Calling a Helper API in an Azure APIM Inbound Policy
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Date: Mar 16, 2021
Tags: azure
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NOTE: Technology changes fast, so some of the images and/or code in this article maybe be out of date. Feel free to leave a comment if you notice something that needs updating.
Azure API Management is quickly becoming one of my favorite parts of the Azure platform. From SOAP (shudder) to REST APIs, developers can quickly register and secure their existing interfaces using Azure APIM. By implementing policies, they can transform requests, validate client/subscription information, check rate limits, and a whole mess of other features. And yes, there is a policy to allow you to call a completely different API as part of your process. Let me show you!

With Azure APIM, developers can register and expose their APIs, regardless of where they are located. The built-in developer portal and subscription/products system allows for an extremely customizable consumer experience, as organizations can tailor their API offerings to their users’ needs. It's an extremely versatile tool in the Azure arsenal and one every API developer should know.

Recently, I had a client that was looking to migrate hundreds of existing APIs to Azure APIM. Part of this change would be to support their existing client credentials/logins that they validate with a home-grown API within their network. The challenge was how do they incorporate that authentication API into their APIM calls? Inbound Policies to the rescue!

I created a PoC to show how this can be done within APIM. Let’s see how I did it.

The authentication API

First, I needed to mimic their authentication API to integrate with APIM. For this, I created a MENSA-brain busting Azure Function app with logic to return a random number in the body.

    public static class GetIDFunction
        public static async Task<IActionResult> Run(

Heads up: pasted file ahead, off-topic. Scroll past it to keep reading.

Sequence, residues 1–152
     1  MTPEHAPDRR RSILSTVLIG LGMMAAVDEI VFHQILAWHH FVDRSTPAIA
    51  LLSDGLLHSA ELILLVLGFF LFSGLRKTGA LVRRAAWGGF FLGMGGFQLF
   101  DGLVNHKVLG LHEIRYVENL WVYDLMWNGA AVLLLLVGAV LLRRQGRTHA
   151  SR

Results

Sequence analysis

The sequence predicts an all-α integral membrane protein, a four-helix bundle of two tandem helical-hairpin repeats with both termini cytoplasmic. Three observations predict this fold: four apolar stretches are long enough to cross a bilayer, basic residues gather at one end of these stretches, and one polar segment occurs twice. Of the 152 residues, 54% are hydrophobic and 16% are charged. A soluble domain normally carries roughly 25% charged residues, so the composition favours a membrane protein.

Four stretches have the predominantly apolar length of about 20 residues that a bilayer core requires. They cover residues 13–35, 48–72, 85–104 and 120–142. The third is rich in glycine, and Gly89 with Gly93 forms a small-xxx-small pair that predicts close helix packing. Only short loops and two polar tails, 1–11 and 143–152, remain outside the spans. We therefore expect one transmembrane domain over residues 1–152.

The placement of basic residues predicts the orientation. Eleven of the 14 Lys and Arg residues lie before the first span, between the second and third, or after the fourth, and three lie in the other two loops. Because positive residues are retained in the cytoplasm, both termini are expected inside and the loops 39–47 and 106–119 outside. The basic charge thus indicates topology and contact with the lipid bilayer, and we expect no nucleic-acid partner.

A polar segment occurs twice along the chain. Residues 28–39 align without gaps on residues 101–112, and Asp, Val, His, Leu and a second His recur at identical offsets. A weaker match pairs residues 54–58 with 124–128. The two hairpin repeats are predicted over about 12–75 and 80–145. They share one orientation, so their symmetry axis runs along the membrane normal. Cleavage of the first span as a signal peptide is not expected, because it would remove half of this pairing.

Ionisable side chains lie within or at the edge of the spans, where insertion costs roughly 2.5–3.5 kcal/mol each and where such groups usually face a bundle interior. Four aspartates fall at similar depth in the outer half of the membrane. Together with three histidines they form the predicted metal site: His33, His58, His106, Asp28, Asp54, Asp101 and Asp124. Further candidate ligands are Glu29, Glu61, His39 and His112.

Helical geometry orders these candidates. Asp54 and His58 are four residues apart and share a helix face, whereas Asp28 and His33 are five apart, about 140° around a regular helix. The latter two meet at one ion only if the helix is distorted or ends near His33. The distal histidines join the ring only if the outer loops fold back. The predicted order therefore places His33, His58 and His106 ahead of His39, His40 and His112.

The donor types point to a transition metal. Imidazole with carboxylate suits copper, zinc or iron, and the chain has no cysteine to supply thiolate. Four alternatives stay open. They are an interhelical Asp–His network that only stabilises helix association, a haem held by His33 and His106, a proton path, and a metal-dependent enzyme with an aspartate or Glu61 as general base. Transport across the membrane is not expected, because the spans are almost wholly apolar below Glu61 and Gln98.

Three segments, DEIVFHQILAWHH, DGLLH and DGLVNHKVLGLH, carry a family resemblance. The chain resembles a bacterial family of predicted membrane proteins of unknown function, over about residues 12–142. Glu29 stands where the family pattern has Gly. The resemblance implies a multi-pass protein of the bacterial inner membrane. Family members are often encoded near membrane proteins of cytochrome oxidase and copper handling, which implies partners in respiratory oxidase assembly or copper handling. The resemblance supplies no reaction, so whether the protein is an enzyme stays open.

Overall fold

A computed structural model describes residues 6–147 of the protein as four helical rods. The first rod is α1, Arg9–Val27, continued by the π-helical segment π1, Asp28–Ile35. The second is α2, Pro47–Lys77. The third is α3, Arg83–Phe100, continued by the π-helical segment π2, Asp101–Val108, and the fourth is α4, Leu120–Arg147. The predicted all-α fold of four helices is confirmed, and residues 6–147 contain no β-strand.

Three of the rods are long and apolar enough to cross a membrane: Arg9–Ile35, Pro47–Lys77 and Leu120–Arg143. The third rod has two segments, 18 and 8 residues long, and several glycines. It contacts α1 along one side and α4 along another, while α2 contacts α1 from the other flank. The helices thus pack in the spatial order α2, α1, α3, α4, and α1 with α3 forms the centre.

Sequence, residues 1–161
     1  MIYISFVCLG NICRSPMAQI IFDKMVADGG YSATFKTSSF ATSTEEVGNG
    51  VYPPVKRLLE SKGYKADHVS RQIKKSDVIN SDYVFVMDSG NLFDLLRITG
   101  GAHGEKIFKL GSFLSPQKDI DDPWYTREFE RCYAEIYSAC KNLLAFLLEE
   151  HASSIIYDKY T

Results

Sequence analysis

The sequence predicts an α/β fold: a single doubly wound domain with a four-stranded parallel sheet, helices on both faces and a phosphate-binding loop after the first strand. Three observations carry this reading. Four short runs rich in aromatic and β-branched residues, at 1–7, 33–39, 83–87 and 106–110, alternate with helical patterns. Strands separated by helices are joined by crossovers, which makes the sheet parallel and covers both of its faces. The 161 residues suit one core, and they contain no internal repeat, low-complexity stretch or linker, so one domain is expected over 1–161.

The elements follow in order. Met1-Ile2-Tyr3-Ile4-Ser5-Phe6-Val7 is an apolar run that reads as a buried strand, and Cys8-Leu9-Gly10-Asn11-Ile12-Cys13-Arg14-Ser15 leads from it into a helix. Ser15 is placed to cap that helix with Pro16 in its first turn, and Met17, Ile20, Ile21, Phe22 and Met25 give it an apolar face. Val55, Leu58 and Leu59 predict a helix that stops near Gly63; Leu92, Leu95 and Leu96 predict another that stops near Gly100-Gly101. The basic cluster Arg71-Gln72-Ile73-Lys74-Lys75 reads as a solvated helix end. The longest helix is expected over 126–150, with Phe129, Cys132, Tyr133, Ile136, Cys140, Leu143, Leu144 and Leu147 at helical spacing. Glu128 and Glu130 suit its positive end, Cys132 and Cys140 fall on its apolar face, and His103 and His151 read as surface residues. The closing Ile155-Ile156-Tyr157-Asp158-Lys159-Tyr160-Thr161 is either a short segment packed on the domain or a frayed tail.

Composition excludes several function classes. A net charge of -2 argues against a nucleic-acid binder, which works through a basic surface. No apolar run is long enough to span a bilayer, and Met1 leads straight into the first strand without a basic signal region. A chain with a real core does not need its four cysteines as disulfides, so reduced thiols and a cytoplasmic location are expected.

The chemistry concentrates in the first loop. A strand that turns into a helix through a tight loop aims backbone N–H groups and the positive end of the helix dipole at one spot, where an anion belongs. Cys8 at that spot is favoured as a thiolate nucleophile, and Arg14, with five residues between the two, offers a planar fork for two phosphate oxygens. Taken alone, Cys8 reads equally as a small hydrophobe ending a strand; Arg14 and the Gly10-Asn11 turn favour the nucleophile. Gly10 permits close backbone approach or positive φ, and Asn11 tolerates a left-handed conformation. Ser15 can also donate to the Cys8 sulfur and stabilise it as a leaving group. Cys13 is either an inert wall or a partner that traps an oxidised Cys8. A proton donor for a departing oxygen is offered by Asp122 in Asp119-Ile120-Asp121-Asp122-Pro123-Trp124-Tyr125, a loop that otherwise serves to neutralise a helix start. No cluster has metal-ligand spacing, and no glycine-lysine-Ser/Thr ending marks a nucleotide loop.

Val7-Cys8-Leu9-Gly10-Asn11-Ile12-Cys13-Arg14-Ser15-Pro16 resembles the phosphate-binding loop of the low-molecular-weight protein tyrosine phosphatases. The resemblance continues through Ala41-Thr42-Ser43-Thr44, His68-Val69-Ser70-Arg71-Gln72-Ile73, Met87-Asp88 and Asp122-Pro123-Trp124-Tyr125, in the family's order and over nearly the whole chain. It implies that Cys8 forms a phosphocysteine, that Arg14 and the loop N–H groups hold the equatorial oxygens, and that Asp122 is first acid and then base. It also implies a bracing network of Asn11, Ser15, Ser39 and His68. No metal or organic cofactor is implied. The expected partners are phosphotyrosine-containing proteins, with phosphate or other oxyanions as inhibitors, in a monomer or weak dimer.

[HttpTrigger(AuthorizationLevel.Function, "get", Route = null)] HttpRequest req,
            ILogger log)
           Random random = new Random();
            return new OkObjectResult(random.Next());

No, that's not Einstein's deepest thoughts; it's my awesome function! I deployed the Function App to my Azure subscription and made note of the Function URL.

Adding an Inbound processing policy

Next, I needed to configure my existing API registration to call my “authentication API” as part of the process. To do this, I selected my API within my APIM service and added a new policy to All operations.

In the policy XML, I selected the Send a request snippet and added the Azure Function app details and set the response-variable-name property to my-id.  Additionally, I added a Set header snippet to set the returned value to the my-id header property.

Here is the policy XML.

        <base />
        <send-request mode="new" response-variable-name="my-id" timeout="60" ignore-error="true">
        <set-header name="my-id" exists-action="append">
        <base />
        <base />
        <base />

In the Set header policy, I used the context.Variables[“my-id”] identifier to get the returned id. I then set this to a header value of the same name. Once the policy is executed, the Azure APIM request will be sent on to the backend for the API, along with the new header value.  


With the policies in place, I tested the functionality. Within the APIM portal, I selected the GetTime operation and submitted the request.

Within the Trace details, I verified the Function App was called and the value was returned.

Lastly, I verified the policy set the returned my-id value to the header.

Moving forward

With Azure APIM, you can completely control how developers consume your services. Through policies, you can transform data, validate requests, integrate backends, and probably cook the world's best cheeseburger. This powerful feature enables complex systems and architectures to be seamlessly connected, ensuring your data and process remain safe.  Good luck!

Helpful links

Here are some links to help you get started with Azure APIM Policies: